13 April 1985
Eighty thousand Blacks attended a mass funeral in KwaNobuhle township for the twenty-eight people killed by police during a demonstration in Langa on 21 March 1985. The demonstrators were observing the 25th anniversary of the Sharpeville massacre of 21 March 1960. The incident happened when marchers gathered in Langa, a township on the outskirts of Uitenhage in the Eastern Cape, preparing to move on to Kwanobuhle, 10 km away, where the commemorative service for the 1960 massacre was to be held. Unbeknown to the Langa demonstrators, however, the government had banned the event. Police opened fire on the crowd, killing between 20 and 43 people (sources vary). On 13 April 1985 the crowd of mourners packed KwaNobuhle stadium, the intended destination of the marchers on 21 March. Members of African National Congress (ANC)-aligned United Democratic Front (UDF) refused entry to members of competing organisations, notably the National Forum and the Azanian Peoples' Organization (AZAPO). Such tensions would become a recurrent theme. Though there were small-scale conflicts between the mourning masses and the heavy police presence, it was clear that no one was prepared for a large-scale confrontation, and participants in potential crises situations were usually able to defuse tensions before they escalated. The Langa township at Uitenhage is not to be confused with the township with the same name in Cape Town, which is known for the anti-pass march held there on 21 March 1960, the same day on which the Sharpeville massacre took place.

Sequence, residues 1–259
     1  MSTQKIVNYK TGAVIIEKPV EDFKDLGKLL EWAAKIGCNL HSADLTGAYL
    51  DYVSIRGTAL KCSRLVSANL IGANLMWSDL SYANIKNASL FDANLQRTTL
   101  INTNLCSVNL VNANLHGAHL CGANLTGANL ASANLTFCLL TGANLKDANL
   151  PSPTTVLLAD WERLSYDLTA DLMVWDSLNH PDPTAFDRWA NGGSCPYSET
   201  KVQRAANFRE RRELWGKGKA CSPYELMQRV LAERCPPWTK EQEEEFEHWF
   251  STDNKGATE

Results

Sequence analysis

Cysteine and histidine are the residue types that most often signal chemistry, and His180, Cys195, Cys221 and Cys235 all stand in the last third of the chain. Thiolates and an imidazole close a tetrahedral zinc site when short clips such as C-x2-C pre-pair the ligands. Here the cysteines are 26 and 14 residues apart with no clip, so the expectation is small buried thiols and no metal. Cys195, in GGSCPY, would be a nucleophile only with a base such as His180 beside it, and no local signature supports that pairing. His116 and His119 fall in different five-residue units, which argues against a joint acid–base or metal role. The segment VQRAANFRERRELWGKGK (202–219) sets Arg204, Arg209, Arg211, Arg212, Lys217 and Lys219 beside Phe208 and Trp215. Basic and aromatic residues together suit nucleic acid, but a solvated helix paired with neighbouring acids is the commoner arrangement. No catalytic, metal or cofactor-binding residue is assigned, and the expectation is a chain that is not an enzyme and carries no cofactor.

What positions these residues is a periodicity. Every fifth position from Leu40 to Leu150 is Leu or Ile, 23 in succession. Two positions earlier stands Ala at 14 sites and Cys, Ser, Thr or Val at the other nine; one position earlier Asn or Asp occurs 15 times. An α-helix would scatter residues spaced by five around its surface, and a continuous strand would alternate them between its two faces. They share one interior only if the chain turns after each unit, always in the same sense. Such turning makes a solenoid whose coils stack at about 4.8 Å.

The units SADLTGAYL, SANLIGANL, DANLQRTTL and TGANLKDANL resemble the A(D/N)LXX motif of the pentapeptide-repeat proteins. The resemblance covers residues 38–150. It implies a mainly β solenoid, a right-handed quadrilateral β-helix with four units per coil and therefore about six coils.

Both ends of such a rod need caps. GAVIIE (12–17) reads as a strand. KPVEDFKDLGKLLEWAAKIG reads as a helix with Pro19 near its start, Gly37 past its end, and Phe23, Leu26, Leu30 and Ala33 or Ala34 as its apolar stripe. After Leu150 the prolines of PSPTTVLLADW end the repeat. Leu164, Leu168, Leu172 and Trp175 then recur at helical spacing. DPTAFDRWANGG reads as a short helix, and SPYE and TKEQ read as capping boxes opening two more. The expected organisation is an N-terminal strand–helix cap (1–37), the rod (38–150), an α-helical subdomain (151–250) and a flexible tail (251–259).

Evans B.A., This Day in African History: 13 April, from the African History, [online], Available at: africanhistory.about.com [Accessed: 11 April 2014]